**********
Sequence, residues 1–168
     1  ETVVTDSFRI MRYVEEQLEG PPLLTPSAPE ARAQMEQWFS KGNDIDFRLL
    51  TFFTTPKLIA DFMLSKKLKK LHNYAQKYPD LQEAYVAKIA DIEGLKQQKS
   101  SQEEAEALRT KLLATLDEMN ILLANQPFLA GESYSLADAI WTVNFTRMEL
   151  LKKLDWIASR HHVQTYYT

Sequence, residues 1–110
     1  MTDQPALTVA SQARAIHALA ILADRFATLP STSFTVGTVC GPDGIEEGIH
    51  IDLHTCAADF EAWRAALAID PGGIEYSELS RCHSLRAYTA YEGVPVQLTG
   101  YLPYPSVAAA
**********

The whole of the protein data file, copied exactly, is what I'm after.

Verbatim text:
Sequence, residues 1–168
     1  ETVVTDSFRI MRYVEEQLEG PPLLTPSAPE ARAQMEQWFS KGNDIDFRLL
    51  TFFTTPKLIA DFMLSKKLKK LHNYAQKYPD LQEAYVAKIA DIEGLKQQKS
   101  SQEEAEALRT KLLATLDEMN ILLANQPFLA GESYSLADAI WTVNFTRMEL
   151  LKKLDWIASR HHVQTYYT

Sequence, residues 1–110
     1  MTDQPALTVA SQARAIHALA ILADRFATLP STSFTVGTVC GPDGIEEGIH
    51  IDLHTCAADF EAWRAALAID PGGIEYSELS RCHSLRAYTA YEGVPVQLTG
   101  YLPYPSVAAA